Centinela Hospital Medical Center in Inglewood, CA has achieved national
recognition by receiving the 2016 Healthgrades Patient Safety Excellence Award.
“The recipients of the Healthgrades 2016 Patient Safety Excellence
Award have not only found ways to improve patient safety, but to outperform
expectations in the prevention of adverse safety incidents,” said
Evan Marks, Chief Strategy Officer, Healthgrades. “We applaud Centinela
Hospital for their performance and their commitment to delivering high-quality
The distinction places Centinela Hospital among the top 10% of hospitals
in the nation for excellent performance as evaluated by Healthgrades,
the leading online resource for comprehensive information about physicians
and hospitals. Hospitals were evaluated based on the occurrence of observed
incidents and expected performance for 14 Patient Safety Indicators as
defined by the Agency for Healthcare Research and Quality. This Healthgrades
designation recognizes superior performance in hospitals that have prevented
the occurrence of serious, potentially avoidable complications for patients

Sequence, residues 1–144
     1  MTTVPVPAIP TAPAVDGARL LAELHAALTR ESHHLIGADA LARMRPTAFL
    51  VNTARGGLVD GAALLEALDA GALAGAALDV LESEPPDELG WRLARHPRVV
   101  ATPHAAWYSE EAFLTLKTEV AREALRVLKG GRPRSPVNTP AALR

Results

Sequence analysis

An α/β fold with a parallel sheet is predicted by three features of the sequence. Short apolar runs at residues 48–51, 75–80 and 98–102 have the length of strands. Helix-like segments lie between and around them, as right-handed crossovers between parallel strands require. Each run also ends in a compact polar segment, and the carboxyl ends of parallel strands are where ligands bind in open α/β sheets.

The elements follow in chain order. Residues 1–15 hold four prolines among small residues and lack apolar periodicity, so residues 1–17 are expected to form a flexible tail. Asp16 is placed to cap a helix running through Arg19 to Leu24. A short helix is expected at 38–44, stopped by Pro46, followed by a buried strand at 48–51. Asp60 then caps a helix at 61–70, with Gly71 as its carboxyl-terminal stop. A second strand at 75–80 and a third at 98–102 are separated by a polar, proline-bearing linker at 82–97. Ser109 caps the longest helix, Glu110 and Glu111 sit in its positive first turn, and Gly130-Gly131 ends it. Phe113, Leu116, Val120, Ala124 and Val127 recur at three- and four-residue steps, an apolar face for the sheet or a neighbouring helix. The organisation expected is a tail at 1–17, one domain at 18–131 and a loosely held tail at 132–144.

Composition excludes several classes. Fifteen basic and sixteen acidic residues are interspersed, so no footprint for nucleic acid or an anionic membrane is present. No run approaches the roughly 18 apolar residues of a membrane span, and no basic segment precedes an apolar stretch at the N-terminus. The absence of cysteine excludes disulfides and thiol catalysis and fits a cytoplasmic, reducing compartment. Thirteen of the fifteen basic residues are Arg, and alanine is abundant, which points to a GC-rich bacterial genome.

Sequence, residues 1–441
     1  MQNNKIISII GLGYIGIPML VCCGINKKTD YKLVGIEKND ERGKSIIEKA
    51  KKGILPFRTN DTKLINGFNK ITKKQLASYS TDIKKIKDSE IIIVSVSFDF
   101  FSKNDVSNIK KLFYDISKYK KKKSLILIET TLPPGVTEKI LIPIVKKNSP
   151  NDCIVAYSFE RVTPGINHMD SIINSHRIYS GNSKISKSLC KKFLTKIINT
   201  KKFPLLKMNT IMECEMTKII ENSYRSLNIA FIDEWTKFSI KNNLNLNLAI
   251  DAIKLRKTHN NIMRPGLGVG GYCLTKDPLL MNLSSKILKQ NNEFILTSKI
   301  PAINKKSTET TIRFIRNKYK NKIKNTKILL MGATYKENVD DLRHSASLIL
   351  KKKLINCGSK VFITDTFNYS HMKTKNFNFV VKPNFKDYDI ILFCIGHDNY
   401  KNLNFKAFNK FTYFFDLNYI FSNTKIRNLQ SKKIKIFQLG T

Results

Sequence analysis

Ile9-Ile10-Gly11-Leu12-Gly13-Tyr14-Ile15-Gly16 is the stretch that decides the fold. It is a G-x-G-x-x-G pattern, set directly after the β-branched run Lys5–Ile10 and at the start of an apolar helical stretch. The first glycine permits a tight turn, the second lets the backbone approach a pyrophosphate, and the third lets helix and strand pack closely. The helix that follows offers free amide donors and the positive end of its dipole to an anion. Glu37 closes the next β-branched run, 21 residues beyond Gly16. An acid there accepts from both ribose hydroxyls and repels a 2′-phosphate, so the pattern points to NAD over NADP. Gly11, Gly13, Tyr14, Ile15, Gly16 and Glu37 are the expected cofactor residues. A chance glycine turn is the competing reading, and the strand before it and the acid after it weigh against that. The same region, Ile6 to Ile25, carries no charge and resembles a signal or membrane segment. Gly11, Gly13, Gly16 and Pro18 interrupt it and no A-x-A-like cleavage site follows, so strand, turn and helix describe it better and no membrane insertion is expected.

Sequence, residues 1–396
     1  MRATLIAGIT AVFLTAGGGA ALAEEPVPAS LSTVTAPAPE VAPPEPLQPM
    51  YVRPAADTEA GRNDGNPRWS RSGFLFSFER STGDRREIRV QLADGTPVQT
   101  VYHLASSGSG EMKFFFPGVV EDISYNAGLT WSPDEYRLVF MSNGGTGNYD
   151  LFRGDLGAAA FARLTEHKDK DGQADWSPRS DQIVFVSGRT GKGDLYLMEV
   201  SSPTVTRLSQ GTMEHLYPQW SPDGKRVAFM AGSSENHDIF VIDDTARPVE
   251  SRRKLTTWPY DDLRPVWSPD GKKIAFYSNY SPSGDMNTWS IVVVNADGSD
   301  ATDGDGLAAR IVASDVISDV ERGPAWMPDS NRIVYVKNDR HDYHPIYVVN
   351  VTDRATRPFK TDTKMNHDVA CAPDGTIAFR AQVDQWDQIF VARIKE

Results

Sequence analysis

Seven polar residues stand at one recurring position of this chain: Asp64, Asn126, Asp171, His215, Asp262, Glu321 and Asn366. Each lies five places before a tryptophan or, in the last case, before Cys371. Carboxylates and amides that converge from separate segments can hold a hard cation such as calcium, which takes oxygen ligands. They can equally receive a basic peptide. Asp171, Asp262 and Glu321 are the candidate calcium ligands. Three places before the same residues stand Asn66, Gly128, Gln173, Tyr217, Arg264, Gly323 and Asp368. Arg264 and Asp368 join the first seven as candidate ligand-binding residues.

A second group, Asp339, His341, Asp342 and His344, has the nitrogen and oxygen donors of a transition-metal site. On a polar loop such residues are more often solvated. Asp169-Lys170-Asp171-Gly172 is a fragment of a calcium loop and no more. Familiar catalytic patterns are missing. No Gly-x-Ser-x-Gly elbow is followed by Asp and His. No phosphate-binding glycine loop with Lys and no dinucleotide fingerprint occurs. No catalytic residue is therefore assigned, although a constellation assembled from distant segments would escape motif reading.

during hospital stays.
“I am very proud of our clinicians and staff for their tireless efforts
to deliver exceptional care that ensures the safety and wellbeing of every
patient,” said Linda Bradley, CEO of Centinela. “We are humbled
to receive this award that recognizes our commitment to delivering the
highest quality of care. This is what all patients and community members
According to Healthgrades, during this study period, patients treated in
hospitals receiving the Healthgrades Patient Safety Excellence Award were,
• 40.2% less likely to experience an accidental puncture or laceration
during a procedure, than patients treated at non-recipient hospitals.
• 44.2% less likely to experience a collapsed lung due to a procedure
or surgery in or around the chest, than patients treated at non-recipient
• 54.4% less likely to experience catheter-related blood stream infections,
than patients treated at non-recipient hospitals.
• 50.4% less likely to experience pressure sores or bed sores acquired
in the hospital, than patients treated at non-recipient hospitals.